12 thoughts on “Proposed Housing Development in Tobin Hill North at a Standstill

  1. Ridiculous. San Antonio will never have a strong urban core like Houston or Dallas if higher density projects like this are not allowed.

  2. High density projects are allowed, they just don’t belong in the middle of a historic neighborhood. See the other story about another apartment complex coming to the Pearl, it’s close to the Tobin Hill area and an appropriate location for high density residences. It’s really about balance and preservation, I think this was a good ruling.

  3. Turner’s statement about the duplexes being boarded up and vacant is patently false. There were tenants in the duplexes when they were purchased. We knew the folks that lived there. They were considerate, quiet neighbors. Whether they were evicted or not, I don’t know, but I do know they were compelled to moved before Terramark demolished their homes.
    At the hearing I did not hear any fears about property values rising, but I did hear Turner claim they planned to sell these 1300+ SF units for $250k each. I truly doubt they plan to sell these for less than market value.
    Terramark’s proposal included eight two-story condos on a 100 x 160 foot property, with a only a driveway down the middle for access. The two units facing the street included a mere 10 foot front setback; a full 15 feet closer to the street than any of the surrounding homes, which are all one-story. We in Tobin Hill North are grateful the commissioners recognized how inappropriate this particular project is for this location.

    • If you care more about front lawns than increasing the number of nice places to live in the middle of San Antonio, maybe you’re better suited for Stone Oak or one of the other endless and soul crushing suburban enclaves that envelope the city and slowly choke the life out of it.

      These are the kinds of housing forms that used to be legal in San Antonio, back when it was truly unique and historic community. NIMBY’s ruin everything. And yes, this the literal definition of NIMBY-ism.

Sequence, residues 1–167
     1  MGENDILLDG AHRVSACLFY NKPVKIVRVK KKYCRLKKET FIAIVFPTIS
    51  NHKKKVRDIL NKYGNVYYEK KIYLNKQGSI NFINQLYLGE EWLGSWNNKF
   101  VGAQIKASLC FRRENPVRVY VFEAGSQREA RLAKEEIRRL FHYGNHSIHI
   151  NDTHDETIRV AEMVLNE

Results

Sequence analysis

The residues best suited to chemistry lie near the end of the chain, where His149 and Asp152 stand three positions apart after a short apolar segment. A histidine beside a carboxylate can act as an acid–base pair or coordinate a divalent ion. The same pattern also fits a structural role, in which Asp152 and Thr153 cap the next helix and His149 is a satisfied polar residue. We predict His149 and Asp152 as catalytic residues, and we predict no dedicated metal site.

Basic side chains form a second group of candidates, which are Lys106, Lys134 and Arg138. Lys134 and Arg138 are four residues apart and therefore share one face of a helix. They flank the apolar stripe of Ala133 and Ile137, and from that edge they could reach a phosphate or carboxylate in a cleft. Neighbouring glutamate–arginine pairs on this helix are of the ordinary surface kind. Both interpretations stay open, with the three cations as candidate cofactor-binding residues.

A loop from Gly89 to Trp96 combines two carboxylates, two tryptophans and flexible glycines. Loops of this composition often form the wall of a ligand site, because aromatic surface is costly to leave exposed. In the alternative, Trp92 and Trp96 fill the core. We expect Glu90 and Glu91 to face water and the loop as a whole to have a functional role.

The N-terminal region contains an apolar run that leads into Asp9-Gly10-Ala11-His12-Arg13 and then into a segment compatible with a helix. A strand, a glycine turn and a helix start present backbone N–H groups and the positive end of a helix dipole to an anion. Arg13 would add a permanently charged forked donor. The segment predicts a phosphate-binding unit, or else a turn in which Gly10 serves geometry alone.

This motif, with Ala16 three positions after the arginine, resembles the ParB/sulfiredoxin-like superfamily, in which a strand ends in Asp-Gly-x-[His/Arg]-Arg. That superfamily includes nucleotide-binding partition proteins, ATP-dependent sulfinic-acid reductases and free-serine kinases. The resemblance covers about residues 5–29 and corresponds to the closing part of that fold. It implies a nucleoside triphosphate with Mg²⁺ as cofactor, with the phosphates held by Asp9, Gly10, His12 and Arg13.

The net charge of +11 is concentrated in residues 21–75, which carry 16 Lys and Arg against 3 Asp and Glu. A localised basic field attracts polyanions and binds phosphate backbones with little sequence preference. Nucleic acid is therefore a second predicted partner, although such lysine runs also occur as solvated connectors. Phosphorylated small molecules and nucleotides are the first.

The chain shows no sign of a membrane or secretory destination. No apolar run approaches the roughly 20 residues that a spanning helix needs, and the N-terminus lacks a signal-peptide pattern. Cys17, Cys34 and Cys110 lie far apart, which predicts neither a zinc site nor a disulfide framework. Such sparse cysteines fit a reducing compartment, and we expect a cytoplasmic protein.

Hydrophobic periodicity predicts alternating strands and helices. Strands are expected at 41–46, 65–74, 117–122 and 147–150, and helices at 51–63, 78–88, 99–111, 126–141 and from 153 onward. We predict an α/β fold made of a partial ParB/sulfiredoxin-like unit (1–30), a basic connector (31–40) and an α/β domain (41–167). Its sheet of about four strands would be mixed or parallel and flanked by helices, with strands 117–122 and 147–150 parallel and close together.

4. I think it’d be fun to ride my bike around Tobin Hill, shop boutiques, eat at neighborhood joints, and host work meetings at coffee shops that are a 10 minute walk away. I’d rather spend my money on entrepreneurs and friends than more front lawn.

  5. Based on Terramark’s track record of non-conforming designs and shoddy construction — buyers of their townhomes have taken to referring to them as “Terrormark” as they have been dealing with the need for significant repair of their new, high dollar homes — the neighborhood is correct to be concerned. While in-fill is needed to keep the city core vibrant and alive, crap design and construction that will itself become blight in 20 years is not the answer.

    • If by non-conforming designs, you mean building housing forms the way it used to be done, before our idolation of the suburban house. Then sign me up for one of those. The lack of irony of central city residents declaring these inappropriate, when their own home is probably non-conforming to current rules, is truly spectacular.

  6. it’s ashame people who never cared or showed interest in this area suddenly are poping up showing interest. bit there interest is in making money, not improvements. developers need to b stoped and our neighborhoods need to start to band together to stop the potential distraction of our neighborhoods. i don’t see the city standing behind its long property owners concerns, this city wants more tax money from this area! we can win if we all band together and help one another and fight against Any future development b-4 it’s too late.

  7. Why do people cling to old crappy homes and get in the way of progress. Just because they are old doesn’t mean they deserve to be designated as historic. People complain about the new proposed homes sticking out like a sore thumb but anything is better than what is currently there.

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